Google, Yahoo, Microsoft, and Facebook are pushing back against the US government’s mandates that certain surveillance requests not be spoken about or admitted to publicly.
According to The Washington Post, unsealed court documents have revealed the extent to which these firms are fighting the so-called “national security letters” that demand their silence on data collection. Each of these companies, along with countless others, are taking measures to protect their users’ privacy in wake of increased public awareness of government surveillance programs.
One of the first publicized measures many companies took were “transparency reports,” detailing how many times they had to turn data over to law enforcement. When the user data is taken via a national security letter, however, the gag order requires that they are not mentioned in these transparency reports.
While US business has not been severely harmed for these companies by the surveillance revelations, trust in American companies abroad has waned significantly. This is likely a backfire effect from government assurances that the real targets are only foreign nationals.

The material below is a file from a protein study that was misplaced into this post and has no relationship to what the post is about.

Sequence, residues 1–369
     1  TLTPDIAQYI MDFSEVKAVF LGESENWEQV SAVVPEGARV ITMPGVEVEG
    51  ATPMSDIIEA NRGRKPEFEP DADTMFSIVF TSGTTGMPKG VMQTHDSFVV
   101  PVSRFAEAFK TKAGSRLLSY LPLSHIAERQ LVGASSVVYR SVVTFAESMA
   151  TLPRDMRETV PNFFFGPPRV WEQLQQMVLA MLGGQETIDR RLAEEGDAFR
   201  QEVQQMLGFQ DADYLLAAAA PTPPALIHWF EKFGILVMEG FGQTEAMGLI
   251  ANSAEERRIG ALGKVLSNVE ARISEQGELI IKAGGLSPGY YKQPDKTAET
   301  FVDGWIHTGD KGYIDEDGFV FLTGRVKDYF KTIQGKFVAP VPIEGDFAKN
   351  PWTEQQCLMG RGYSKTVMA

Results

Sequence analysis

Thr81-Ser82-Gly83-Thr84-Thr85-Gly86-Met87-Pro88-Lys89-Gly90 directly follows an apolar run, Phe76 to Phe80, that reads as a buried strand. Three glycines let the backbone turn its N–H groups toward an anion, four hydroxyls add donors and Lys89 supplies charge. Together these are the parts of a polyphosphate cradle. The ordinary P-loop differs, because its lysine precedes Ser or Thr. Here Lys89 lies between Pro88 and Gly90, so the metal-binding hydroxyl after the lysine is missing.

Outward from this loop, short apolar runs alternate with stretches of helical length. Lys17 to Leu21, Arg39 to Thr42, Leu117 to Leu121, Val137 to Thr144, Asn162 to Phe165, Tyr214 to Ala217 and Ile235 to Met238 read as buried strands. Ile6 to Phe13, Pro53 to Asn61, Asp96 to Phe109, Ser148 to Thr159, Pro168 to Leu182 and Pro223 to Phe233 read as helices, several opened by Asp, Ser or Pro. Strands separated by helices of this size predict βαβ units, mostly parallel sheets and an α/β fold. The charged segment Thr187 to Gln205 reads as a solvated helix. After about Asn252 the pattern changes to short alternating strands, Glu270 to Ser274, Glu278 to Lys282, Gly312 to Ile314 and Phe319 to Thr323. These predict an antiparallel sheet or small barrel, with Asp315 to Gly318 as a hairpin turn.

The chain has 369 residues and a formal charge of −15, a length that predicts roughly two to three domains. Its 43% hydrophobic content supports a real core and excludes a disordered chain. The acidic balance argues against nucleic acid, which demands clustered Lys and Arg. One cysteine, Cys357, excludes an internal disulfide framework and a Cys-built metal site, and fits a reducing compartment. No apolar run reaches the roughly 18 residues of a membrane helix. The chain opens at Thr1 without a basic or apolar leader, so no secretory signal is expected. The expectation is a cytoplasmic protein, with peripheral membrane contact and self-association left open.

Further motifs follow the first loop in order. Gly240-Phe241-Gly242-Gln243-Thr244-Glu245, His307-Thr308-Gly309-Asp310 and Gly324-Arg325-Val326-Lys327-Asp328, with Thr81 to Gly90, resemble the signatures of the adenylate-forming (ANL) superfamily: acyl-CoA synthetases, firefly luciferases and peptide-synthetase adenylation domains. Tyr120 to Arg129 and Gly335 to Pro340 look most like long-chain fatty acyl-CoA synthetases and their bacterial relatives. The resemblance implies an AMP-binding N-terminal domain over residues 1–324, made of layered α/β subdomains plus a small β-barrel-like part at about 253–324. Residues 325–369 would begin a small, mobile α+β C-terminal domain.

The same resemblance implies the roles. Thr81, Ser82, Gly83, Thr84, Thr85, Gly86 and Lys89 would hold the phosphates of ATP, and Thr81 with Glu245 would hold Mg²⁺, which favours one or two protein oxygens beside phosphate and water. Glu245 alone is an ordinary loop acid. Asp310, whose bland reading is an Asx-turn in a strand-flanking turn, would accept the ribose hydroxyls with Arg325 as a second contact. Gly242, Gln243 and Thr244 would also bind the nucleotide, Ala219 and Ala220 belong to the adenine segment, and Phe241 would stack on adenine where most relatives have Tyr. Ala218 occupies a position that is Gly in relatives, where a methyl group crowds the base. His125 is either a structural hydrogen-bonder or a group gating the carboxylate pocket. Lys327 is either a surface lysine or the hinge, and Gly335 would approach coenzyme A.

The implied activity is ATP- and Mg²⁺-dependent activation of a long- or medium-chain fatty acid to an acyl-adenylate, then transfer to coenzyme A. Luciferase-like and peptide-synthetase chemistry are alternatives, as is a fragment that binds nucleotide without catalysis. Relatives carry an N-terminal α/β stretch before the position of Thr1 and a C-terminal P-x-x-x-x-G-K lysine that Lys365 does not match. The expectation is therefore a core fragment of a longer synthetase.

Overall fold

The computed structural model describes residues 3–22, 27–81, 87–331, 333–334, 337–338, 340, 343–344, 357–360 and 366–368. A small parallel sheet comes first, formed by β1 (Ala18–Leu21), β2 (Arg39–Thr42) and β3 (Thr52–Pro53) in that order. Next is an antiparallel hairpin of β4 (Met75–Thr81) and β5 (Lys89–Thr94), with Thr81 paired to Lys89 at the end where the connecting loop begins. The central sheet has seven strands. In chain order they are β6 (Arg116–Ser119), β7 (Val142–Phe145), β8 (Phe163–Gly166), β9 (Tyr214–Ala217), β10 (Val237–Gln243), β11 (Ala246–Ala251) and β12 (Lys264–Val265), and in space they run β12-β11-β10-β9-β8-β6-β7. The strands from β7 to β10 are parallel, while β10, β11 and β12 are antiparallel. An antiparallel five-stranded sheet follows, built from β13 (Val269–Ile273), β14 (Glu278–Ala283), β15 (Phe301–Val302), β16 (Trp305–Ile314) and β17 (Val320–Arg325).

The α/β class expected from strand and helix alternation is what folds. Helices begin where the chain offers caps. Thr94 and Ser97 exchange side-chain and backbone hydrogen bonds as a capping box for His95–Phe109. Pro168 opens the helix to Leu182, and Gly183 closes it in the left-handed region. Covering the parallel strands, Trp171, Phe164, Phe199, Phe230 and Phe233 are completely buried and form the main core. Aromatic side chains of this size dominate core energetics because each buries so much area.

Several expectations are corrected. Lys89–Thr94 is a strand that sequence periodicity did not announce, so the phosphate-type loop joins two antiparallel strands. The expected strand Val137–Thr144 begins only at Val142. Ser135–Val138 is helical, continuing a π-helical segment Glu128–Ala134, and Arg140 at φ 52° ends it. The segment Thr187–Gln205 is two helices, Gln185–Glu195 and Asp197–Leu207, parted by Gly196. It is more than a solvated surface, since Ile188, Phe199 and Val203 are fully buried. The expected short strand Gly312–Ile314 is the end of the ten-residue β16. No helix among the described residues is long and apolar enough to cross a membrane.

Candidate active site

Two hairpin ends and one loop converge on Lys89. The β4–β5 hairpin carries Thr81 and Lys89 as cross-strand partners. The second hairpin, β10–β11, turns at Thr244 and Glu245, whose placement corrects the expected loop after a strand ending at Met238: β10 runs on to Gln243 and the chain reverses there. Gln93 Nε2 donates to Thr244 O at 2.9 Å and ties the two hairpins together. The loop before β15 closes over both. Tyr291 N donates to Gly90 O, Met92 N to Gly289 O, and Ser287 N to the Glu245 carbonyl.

The aforementioned four companies jointly filed a suit with a federal court, arguing that their first amendment rights to speech are infringed by these gag reports. Law enforcement claims there are no rights to free speech when cooperating with secret federal investigations, which is probably true. While the companies say they have no intention to share the targets or other identifying details about these investigations, they do want to offer more detailed information about the amount and type of data being shared.
This report comes not long after the founder of privacy-oriented email service Lavabit shared his experience of being under a gag order as the US government demanded he turn over user email information. He gained little sympathy from the courts as he eventually shut down the service to avoid turning over compromising information, a measure which could still land him in jail.
It’s unclear how compelling the case of the tech giants will be in court. There is little argument about whether secret investigations ought to remain secret. Rather, the real debates are about the amount of and justification for these investigations. In all likelihood, this resistance from tech companies would not exist if surveillance was better targeted, less numerous, and public confidence in their justification was higher.
Featured image by Jonathan McIntosh (Flickr).